English | Chaucer
L305 | 29000 | Betsy Williamsen
29000 - 2:15p-1:25p MWF (30 students) 3 cr., A&H.
Geoffrey Chaucer has been called the “father of English poetry,” but
many of his most famous works are actually translations and
adaptations of existing stories and poems. So how are his
contributions particularly English or particularly poetic? In this
class we will focus on The Canterbury Tales and a few of Chaucer’s
shorter works to consider the ways in which Chaucer appropriated the
works of his literary predecessors to produce some of the most
creative and innovative poetry of the Middle Ages. In addition to
Chaucer’s texts, we will also need to become familiar with the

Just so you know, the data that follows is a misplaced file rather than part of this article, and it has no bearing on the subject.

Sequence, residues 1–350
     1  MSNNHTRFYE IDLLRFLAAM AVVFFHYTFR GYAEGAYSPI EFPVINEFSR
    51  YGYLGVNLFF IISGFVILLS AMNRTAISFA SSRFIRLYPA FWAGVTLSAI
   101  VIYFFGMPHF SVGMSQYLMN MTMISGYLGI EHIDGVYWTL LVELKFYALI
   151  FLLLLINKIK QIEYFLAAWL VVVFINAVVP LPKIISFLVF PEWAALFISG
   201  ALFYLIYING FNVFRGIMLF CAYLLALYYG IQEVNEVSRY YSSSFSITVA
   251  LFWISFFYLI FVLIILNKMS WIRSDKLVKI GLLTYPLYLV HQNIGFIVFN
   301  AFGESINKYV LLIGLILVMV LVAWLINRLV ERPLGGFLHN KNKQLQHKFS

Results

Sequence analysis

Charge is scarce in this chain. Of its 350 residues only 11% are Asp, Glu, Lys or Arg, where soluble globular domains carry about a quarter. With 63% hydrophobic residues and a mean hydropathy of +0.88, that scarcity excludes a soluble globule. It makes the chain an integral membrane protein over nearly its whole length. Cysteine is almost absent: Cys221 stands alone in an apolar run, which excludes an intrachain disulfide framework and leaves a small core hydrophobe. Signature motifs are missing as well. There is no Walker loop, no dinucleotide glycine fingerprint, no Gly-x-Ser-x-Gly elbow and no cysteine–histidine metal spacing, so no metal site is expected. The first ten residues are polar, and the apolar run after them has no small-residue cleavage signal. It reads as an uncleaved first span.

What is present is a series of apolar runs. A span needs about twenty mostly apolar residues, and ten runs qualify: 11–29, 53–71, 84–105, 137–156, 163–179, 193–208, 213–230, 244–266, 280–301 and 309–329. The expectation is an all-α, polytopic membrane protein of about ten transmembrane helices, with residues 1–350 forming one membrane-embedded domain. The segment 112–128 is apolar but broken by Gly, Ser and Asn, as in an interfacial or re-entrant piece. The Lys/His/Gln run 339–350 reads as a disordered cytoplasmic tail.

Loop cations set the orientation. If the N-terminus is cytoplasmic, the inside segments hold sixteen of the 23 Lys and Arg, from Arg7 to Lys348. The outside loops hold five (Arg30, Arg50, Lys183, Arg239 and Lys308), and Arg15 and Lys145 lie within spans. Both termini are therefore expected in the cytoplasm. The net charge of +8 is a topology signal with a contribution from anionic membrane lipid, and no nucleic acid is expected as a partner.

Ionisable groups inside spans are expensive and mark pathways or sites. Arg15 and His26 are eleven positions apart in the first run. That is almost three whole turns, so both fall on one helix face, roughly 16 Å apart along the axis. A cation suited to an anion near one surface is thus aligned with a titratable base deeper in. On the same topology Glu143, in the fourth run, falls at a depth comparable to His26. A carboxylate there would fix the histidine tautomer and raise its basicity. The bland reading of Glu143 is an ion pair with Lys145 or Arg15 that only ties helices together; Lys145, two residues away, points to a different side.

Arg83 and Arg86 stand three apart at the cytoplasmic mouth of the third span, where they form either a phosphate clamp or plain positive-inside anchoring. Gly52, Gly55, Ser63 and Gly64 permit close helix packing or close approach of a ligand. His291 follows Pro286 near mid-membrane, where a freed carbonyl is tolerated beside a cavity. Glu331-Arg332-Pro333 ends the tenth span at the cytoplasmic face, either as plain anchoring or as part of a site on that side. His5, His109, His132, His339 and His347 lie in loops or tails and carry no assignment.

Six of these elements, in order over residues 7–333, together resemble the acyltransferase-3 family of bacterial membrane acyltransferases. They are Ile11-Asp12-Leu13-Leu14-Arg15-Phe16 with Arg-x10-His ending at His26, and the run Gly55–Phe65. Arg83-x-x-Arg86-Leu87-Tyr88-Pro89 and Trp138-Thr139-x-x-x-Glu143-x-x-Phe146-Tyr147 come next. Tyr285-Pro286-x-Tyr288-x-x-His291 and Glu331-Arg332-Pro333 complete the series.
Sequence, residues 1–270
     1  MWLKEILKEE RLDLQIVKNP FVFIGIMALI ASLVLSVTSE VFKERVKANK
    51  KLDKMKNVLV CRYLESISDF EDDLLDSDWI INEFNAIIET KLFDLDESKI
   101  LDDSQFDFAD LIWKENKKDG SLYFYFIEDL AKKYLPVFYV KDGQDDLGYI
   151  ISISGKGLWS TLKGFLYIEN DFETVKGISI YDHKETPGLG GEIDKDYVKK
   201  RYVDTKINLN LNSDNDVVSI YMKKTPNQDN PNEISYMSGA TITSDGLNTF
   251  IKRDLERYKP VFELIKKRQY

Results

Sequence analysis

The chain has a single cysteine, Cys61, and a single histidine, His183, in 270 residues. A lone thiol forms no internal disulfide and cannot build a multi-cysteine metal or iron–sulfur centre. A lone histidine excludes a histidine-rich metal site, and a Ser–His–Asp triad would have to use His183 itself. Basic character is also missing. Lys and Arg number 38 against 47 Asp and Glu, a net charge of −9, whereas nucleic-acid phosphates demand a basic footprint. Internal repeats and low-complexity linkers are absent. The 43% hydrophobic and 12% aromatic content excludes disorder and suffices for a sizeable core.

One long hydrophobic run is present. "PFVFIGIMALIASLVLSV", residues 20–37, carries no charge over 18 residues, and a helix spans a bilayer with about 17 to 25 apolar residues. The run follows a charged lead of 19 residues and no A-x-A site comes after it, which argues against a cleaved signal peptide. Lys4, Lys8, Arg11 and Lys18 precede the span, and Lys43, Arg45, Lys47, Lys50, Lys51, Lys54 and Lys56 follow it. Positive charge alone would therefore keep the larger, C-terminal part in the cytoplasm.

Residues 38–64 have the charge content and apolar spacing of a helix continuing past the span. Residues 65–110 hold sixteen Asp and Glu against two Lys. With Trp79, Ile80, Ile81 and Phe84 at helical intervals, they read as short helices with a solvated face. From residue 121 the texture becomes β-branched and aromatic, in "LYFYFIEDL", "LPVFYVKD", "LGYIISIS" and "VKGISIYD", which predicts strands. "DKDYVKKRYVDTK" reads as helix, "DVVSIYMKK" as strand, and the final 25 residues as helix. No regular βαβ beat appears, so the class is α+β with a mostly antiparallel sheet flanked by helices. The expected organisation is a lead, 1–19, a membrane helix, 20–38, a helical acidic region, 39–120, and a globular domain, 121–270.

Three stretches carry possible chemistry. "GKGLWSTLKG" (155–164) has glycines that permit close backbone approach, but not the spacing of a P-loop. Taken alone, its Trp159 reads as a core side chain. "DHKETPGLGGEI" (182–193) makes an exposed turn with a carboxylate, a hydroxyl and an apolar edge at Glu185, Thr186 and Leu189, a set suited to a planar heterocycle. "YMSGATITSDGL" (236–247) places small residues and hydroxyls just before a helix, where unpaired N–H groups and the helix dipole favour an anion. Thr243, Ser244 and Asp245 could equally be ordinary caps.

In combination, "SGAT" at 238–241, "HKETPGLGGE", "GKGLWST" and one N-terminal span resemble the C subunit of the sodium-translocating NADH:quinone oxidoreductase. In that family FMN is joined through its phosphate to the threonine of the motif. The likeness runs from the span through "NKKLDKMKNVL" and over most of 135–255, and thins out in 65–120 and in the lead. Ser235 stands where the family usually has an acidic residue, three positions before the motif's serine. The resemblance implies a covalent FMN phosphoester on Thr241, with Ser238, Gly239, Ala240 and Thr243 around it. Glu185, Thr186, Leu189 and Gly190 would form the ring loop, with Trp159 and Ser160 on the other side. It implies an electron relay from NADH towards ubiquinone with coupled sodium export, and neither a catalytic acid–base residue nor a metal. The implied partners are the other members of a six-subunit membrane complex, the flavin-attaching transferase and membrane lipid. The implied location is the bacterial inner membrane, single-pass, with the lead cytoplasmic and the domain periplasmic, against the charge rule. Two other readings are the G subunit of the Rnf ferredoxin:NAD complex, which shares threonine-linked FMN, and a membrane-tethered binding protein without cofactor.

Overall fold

literary traditions and sources he draws from, as well as with his
historical and cultural context.
Because the basis for literary interpretation is a close reading of
language, we will be reading all Chaucerian texts in their original
Middle English. Writing assignments for the course will include
short close-reading analyses; a midterm exam; and a longer, multi-
part research project that requires students to examine trends in
the critical history of a Chaucerian text and, ultimately, to extend
or respond to that critical movement in his or her own researched
essay (8-10 pages).